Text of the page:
I would recommend working toward the CISSP for people in all security roles. (ISC)² requires that all people who'd like to write their CISSP exam have no less than five years full-time paid work experience in at least two of the eight domains of the CISSP Common Book of Knowledge. They include cloud computing, secure application development, risk management and other areas.

Once you have CISSP certification, (ISC)² requires that you maintain your credential with a minimum of 40 CPE credits per year, and at least 120 CPE credits each three-year period.

More information can be found on (ISC)²'s website.


(ISC)²'s Systems Security Certified Practitioner certification isn't mentioned as frequently as their CISSP certification, but it's an important credential to have if you're expected to design an organization's security systems.

(ISC)² will allow you to acquire SSCP certification if you have at least one year of full-time paid work experience in at least one of the seven domains of the SSCP Common Book of Knowledge. They include systems and application security, cryptography, incident response, and access controls among others. Because of that, if you want both a SSCP and a CISSP, I really recommend that you acquire your SSCP first.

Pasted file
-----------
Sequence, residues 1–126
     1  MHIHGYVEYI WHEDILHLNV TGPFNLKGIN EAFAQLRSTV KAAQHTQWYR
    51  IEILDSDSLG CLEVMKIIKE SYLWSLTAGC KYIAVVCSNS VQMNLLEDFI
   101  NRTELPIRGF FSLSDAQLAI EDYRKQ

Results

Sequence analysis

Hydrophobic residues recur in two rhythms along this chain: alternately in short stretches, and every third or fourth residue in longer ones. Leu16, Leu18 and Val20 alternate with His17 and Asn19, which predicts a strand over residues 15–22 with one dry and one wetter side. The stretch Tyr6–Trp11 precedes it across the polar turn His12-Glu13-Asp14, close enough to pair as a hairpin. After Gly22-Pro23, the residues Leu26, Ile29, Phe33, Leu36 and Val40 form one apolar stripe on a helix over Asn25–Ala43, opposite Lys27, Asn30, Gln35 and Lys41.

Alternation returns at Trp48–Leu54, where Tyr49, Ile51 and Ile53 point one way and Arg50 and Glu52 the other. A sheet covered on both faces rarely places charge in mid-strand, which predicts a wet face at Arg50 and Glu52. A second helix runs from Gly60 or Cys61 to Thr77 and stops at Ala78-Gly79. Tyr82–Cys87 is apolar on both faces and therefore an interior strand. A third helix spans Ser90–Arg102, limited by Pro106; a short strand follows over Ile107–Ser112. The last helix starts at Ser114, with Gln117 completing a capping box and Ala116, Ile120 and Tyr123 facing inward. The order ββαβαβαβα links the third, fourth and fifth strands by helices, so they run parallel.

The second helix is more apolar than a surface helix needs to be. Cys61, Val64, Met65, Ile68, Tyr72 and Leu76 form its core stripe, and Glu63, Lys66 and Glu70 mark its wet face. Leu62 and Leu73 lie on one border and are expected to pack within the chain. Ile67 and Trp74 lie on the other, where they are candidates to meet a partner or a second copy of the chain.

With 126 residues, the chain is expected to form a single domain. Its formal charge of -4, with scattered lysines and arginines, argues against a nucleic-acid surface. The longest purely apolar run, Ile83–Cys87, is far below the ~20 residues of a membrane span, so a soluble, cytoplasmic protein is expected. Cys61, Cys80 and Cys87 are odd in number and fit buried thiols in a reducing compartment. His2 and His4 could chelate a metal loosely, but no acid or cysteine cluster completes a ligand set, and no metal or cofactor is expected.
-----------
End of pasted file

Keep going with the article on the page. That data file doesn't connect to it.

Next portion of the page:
To maintain your SSCP certification, (ISC)² expects you to earn a minimum of 20 CPE credits per year, and pay a $65 USD annual maintenance fee.

More information can be found on (ISC)²'s website.


If you're into penetration testing in any way, getting EC-Council's Certified Ethical Hacker certification is an excellent idea. The CEH covers areas such as the latest security threats, hacking techniques, tools, and methodologies, and advanced attack vectors.

If you have at least two years of information security related experience of any sort, or attend EC-Council's official training, they will allow you to write the exam.

In order to keep your CEH certification, EC-Council requires that you pay a $100 USD per year renewal fee and update your Continuing Education Credits through the EC-Council Delta Portal.

More information can be found on EC-Council's website.


Once you have a CEH certification, EC-Council suggests that you can advance your understanding of penetration testing and your eligibility for various security administrative roles with an EC-Council Certified Security Analyst certification.

The ECSA covers useful knowledge for blue teams as well as red teams. Having an ECSA prepares you for conducting advanced security assessments to identify and mitigate risk of the cybersecurity of all of your computer infrastructure.

Although it's recommended that you have a CEH before tackling the ECSA, the prerequisites are the same, as are the requirements for maintaining your certification.